This interview is a transcript of a podcast from the Smithsonian's Lemelson Center for the Study of Invention & Innovation. To Listen to this interview or any others from the Prototype Online Series, visit the Lemelson Center's website.
TRANSCRIPT: Podcast: Sharon Rogone invents for preemies (part 1) Sharon Rogone, a neonatal nurse-turned-inventor, talks about her first invention and why she started to invent.
"Prototype Online: Inventive Voices" is a production of the Smithsonian's Lemelson Center. Written and hosted by Paul Rosenthal. Audio production by Benjamin Bloom. Theme music by Will Eastman. Art Molella, executive producer. Sharon Rogone, Phil Rogone, and Ken Croteau were originally interviewed on 17 and 18 January 2007 by Lemelson Center historian Maggie Dennis and National Museum of American History curator Judy Chelnick. Podcast released 26 March 2007.
Paul Rosenthal: From the Smithsonian's National Museum of American History, welcome to "Prototype Online: Inventive Voices," brought to you by the Lemelson Center for the Study of Invention and Innovation.
I'm Paul Rosenthal.
Late last month, a little baby girl named Amillia Taylor went home from a Miami Hospital and grabbed the headlines. Born on October 24, 2006, little Amillia is believed to be the youngest preemie ever to survive and go home from the hospital. She weighed just 10 ounces at birth. Skilled doctors and sophisticated life-saving technology are widely credited for making Amillia's amazing survival and the survival of other young preemies possible. But the story of improving care and technology in the neonatal intensive care unit or NICU does not start and end with the doctors and medical engineers.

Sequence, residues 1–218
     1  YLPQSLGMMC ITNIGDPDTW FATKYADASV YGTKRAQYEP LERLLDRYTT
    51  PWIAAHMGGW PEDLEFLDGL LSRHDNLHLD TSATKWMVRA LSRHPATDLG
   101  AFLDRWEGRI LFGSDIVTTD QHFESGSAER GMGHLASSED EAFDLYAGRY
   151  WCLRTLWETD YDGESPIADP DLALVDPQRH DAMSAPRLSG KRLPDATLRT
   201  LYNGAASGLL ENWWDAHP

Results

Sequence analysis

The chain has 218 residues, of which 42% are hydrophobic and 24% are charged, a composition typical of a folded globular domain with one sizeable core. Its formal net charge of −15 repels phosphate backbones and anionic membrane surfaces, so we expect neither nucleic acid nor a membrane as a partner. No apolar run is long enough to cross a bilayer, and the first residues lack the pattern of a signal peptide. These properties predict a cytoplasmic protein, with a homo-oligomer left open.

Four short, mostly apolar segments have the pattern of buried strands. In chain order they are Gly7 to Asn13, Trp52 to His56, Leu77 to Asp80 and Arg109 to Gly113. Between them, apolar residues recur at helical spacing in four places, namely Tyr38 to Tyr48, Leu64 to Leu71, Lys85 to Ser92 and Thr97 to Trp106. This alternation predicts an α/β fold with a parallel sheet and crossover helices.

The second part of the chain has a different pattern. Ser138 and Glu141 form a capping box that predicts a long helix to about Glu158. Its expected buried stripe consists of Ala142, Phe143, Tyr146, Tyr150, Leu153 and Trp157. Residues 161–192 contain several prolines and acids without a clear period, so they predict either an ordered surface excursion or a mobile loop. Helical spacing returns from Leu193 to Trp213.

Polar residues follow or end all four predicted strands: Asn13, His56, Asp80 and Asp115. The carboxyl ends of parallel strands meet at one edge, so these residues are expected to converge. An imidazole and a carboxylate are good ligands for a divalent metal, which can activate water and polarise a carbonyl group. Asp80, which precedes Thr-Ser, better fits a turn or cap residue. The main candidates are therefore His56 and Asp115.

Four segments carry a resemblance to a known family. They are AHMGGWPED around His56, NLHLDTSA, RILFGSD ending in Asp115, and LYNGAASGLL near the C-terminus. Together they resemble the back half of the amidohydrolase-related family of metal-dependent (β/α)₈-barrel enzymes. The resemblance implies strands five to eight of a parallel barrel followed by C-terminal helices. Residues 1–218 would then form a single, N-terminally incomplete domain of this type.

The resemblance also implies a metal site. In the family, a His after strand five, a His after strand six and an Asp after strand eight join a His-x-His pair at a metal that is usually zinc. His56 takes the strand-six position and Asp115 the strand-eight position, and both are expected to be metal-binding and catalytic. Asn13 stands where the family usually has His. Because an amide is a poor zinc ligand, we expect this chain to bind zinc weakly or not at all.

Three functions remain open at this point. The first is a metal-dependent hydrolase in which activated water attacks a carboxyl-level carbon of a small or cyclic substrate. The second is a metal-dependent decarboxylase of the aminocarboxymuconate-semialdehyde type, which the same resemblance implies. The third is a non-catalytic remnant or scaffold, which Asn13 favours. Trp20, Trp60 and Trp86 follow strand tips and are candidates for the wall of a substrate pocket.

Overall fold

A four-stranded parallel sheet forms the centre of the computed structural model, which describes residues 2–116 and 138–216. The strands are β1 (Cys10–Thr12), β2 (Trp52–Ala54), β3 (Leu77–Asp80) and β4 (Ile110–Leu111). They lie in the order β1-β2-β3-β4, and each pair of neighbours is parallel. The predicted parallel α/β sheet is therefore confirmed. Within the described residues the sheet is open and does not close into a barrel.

Nurses work at the ground level. They toil long hours and provide meticulous round-the-clock care for these tiny babies that have to adapt to special situations. Then they need to be resourceful when materials are lacking. Nurses are inventive by necessity. Many of the improvements seen in the NICUs over the years have been driven by the daily experience of the nurses working there.
Our podcast today is about one of these neonatal nurses turned inventor. Her name is Sharon Rogone. And while you probably haven't heard of her, her inventions have helped to improve the care of the youngest of newborns. Working in the 1980s in NICUs in San Bernardino, California; she saw the need for basic, well-designed devices to help care for premature babies. Her first invention was the Bili Bonnet., a simple device that shields the baby's eyes from the dangerously bright lights used in phototherapy.
Premature babies often undergo phototherapy as a treatment for jaundice which is common among newborns. To block the lights, nurses had been using improvised devices made from black construction paper, cotton balls and other materials found in the NICU.
Sharon Rogone's Bili Bonnet was a drastic improvement. It's a simple low-tech invention that performs a vital medical function. The Bili Bonnet launched Rogone's career as an inventor and a business woman. In the mid 1990s, she started Small Beginnings, a company that she ran at her home. Her products now include specialized diapers, pacifiers, positioning devices and oral suction tools all designed to improve the care of preemies in the NICU and to lessen or prevent the medical problems once these babies leave the hospital.